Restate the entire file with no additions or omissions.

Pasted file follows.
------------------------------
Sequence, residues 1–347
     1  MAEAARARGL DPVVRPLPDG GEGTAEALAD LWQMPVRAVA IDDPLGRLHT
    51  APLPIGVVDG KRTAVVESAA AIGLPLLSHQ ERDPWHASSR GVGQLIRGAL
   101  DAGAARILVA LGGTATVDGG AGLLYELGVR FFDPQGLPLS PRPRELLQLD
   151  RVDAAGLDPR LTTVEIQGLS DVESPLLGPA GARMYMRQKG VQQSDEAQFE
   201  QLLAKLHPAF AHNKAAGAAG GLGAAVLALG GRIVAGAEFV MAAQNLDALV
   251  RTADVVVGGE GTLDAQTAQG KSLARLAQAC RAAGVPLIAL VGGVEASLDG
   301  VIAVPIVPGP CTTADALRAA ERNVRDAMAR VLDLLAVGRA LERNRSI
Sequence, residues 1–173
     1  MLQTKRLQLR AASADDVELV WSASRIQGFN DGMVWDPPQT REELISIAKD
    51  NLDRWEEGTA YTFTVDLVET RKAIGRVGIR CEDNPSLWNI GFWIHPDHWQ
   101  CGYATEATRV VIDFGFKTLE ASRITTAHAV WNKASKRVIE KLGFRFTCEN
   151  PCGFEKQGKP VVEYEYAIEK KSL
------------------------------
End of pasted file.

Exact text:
Sequence, residues 1–347
     1  MAEAARARGL DPVVRPLPDG GEGTAEALAD LWQMPVRAVA IDDPLGRLHT
    51  APLPIGVVDG KRTAVVESAA AIGLPLLSHQ ERDPWHASSR GVGQLIRGAL
   101  DAGAARILVA LGGTATVDGG AGLLYELGVR FFDPQGLPLS PRPRELLQLD
   151  RVDAAGLDPR LTTVEIQGLS DVESPLLGPA GARMYMRQKG VQQSDEAQFE
   201  QLLAKLHPAF AHNKAAGAAG GLGAAVLALG GRIVAGAEFV MAAQNLDALV
   251  RTADVVVGGE GTLDAQTAQG KSLARLAQAC RAAGVPLIAL VGGVEASLDG
   301  VIAVPIVPGP CTTADALRAA ERNVRDAMAR VLDLLAVGRA LERNRSI
Sequence, residues 1–173
     1  MLQTKRLQLR AASADDVELV WSASRIQGFN DGMVWDPPQT REELISIAKD
    51  NLDRWEEGTA YTFTVDLVET RKAIGRVGIR CEDNPSLWNI GFWIHPDHWQ
   101  CGYATEATRV VIDFGFKTLE ASRITTAHAV WNKASKRVIE KLGFRFTCEN
   151  PCGFEKQGKP VVEYEYAIEK KSL